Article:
b Use of BI-RADS 0 at diagnostic mammography is discouraged . An addendum issuing a final assessment should be performed. For the rare instance in which a BI-RADS 0 assessment remains for a diagnostic mammogram, the examination is coded positive.



Positive diagnostic examination


Tissue diagnosis is recommended (see Table 1 ).


Negative screening examination


An examination evaluated as negative or benign (BI-RADS 1 or 2).


Negative diagnostic examination


A tissue diagnosis was not recommended. The examination was assessed as negative (BI-RADS 1), benign (BI-RADS 2) or probably benign (BI-RADS 3 b


b A BI-RADS 3 assessment is coded as negative for diagnostic mammography, but positive for screening mammography.

).


Cancer


Defined as a tissue diagnosis of ductal carcinoma in situ or any type of primary invasive breast carcinoma ( Table 2 ). Table 2 also includes a subset of the pathology results that are not included in the definition of cancer for the purposes of the audit.



Table 2

Cancer versus not cancer










Cancer (Breast Cancer) Not Breast Cancer



  • Invasive ductal carcinoma



  • Invasive lobular carcinoma



  • Ductal carcinoma in situ




  • Metastatic cancers to the breast (ie, not breast origin)



  • Lymphoma/leukemia



  • Malignant phyllodes tumor



  • Breast sarcoma



  • Lobular carcinoma in situ



  • Atypical ductal hyperplasia



  • Atypical lobular hyperplasia



Coding of Mammograms


True positive


A true-positive result is a tissue diagnosis of cancer within 1 year after a positive examination ( Figs. 1–3 , Tables 3 and 4 ). Remember, a positive screening mammogram is defined differently than a positive diagnostic mammogram ( Box 2 ).




Fig. 1


Left mediolateral oblique ( A ) and craniocaudal ( B ) diagnostic mammogram images demonstrate a suspicious mass (BI-RADS 4) in the posterior central left breast. Ultrasound-guided biopsy yielded leiomyosarcoma; therefore, the diagnostic mammogram was coded as a false positive.



Fig. 2


Right craniocaudal ( A ), exaggerated craniocaudal ( B ), and mediolateral oblique ( C ) baseline screening mammogram images demonstrate a mass in the lateral right breast (reported as BI-RADS 0). Tomosynthesis spot compression view ( D ) demonstrates the mass to be oval and circumscribed. Ultrasound examination (not shown) demonstrated an oval and circumscribed hypoechoic mass. A BI-RADS 3 assessment was given. Two years of follow-up demonstrated stability of the finding and it was then downgraded to a BI-RADS 2. Therefore, the screening mammogram is coded false positive and the diagnostic mammogram as a true negative.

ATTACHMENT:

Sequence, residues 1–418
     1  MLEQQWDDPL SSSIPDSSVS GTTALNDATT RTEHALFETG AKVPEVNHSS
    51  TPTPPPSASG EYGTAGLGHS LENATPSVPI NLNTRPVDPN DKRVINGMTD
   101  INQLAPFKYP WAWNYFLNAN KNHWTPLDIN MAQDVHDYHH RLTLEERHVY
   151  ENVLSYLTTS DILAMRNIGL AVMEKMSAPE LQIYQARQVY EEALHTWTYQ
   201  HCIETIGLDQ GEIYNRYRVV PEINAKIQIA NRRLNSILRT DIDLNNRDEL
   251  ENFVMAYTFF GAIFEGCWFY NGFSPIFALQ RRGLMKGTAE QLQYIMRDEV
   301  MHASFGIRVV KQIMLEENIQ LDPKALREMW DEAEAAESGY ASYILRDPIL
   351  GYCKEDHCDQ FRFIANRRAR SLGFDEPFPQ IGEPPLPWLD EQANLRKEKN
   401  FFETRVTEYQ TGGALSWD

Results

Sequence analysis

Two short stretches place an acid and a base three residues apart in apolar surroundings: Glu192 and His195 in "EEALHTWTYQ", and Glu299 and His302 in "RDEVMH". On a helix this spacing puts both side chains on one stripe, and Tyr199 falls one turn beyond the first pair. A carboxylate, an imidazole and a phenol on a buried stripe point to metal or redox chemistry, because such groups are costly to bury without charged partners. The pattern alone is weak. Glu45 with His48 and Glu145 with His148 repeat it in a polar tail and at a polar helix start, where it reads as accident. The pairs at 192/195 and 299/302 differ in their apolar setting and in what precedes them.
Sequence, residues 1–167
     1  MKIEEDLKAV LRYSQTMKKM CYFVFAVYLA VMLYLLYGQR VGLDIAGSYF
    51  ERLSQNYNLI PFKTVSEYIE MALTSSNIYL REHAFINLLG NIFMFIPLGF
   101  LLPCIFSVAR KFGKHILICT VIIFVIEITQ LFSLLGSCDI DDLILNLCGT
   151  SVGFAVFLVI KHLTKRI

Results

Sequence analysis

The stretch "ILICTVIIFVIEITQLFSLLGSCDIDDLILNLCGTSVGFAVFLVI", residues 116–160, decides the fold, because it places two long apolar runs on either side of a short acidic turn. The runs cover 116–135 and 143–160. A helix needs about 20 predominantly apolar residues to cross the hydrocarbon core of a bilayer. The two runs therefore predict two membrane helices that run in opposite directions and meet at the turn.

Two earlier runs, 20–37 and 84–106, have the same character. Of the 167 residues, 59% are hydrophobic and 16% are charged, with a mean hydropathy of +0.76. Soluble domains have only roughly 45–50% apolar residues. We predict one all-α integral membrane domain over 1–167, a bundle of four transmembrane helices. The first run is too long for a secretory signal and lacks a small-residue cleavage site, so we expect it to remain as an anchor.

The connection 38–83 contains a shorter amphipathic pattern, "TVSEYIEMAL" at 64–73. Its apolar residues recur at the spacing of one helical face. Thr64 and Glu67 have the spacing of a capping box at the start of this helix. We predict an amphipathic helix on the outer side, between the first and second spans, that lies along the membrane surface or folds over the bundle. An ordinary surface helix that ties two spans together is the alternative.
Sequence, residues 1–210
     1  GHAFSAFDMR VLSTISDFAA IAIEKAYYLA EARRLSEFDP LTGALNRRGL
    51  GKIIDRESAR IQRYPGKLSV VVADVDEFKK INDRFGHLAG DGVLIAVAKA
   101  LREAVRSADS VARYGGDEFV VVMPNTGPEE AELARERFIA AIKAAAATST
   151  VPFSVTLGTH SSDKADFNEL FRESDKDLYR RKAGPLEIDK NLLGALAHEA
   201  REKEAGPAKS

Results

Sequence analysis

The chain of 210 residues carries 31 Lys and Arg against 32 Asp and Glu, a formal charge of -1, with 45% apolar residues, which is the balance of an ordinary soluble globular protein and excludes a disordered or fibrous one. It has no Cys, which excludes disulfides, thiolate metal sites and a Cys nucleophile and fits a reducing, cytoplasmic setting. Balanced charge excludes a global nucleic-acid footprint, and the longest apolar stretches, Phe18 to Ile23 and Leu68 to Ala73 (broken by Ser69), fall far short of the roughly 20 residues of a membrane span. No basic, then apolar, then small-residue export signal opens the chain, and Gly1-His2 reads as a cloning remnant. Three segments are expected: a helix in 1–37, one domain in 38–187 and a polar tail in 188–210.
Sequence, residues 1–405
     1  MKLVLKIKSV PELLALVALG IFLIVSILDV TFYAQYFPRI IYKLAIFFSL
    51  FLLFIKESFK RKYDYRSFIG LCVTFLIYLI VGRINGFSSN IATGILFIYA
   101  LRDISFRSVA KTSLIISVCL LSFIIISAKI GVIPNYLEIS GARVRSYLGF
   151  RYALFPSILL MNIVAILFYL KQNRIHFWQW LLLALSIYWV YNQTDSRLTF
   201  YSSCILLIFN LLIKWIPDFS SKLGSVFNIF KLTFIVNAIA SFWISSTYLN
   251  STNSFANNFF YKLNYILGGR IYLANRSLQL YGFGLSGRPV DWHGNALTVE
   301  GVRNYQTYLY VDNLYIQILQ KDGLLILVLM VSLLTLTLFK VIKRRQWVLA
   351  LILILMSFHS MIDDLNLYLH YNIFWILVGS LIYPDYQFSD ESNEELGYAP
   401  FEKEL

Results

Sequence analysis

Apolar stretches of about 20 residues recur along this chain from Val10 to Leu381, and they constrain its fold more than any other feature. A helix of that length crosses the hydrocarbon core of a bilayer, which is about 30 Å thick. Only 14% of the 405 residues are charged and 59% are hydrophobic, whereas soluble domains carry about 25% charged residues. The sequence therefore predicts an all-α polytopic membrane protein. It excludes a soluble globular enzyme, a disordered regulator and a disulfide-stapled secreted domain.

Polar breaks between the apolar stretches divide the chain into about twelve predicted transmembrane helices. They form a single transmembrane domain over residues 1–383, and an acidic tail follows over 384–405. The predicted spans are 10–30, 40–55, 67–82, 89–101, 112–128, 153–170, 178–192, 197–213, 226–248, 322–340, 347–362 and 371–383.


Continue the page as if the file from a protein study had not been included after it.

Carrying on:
Fig. 3


Left mediolateral oblique ( A ) screening mammogram (reported as BI-RADS 1) and left mediolateral oblique diagnostic mammogram ( B ) were performed 5 months apart. The patient developed skin changes ( arrow ) and clinical axillary adenopathy ( star ), prompting diagnostic mammogram. A new asymmetry ( circle ) is present on the mediolateral oblique view (BI-RADS 4). Image guided biopsy demonstrated lymphoma; therefore, the diagnostic mammogram is coded as a false positive and the screening mammogram as a true negative.


Table 3

Biopsy results – screening

Adapted from Sickles, E., D’Orsi CJ, ACR BI-RADS® Follow-up and Outcome Monitoring. In: ACR BI-RADS® Atlas, Breast Imaging Reporting and Data System. 2013, Reston, VA: American College of Radiology; with permission.


















Biopsy Results
Positive (Tissue Diagnosis of Cancer Within 1 Year) Negative (Benign Concordant Tissue Diagnosis, or No Tissue Diagnosis of Cancer Within 1 Year)
Positive screening mammogram (BI-RADS 0, 3, 4, 5) True positive False positive
Negative screening mammogram (BI-RADS 1, 2) False negative True negative


Table 4

Biopsy results – diagnostic

Adapted from Sickles, E., D’Orsi CJ, ACR BI-RADS® Follow-up and Outcome Monitoring. In: ACR BI-RADS® Atlas, Breast Imaging Reporting and Data System. 2013, Reston, VA: American College of Radiology; with permission.


















Biopsy Results
Positive (Tissue Diagnosis of Cancer Within 1 Year) Negative (Benign Concordant Tissue Diagnosis, or No Tissue Diagnosis of Cancer Within 1 Year)
Positive diagnostic mammogram (BI-RADS 4, 5) a True positive False positive
Negative diagnostic mammogram (BI-RADS 1, 2, 3) False negative True negative

a Use of BI-RADS 0 at diagnostic mammography is discouraged . An addendum issuing a final assessment should be performed. For the rare instance in which a BI-RADS 0 assessment remains for a diagnostic mammogram, the examination is coded positive.



Box 2

True-positive example


A woman is recalled from screening for additional imaging (BI-RADS 0). The diagnostic mammogram is suspicious (BI-RADS 4) with a recommendation for tissue sampling. Biopsy yields a breast malignancy. Both the screening and diagnostic examinations are positive and breast cancer is diagnosed within 1 year—therefore, both examinations are classified as true positives.



False positive


A false-positive result is no known tissue diagnosis of breast cancer within 1 year of a positive examination ( Boxes 3 and 4 ). For auditing purposes, 3 separate definitions exist and are outlined in detail in the BI-RADS Atlas.



Box 3

False-positive example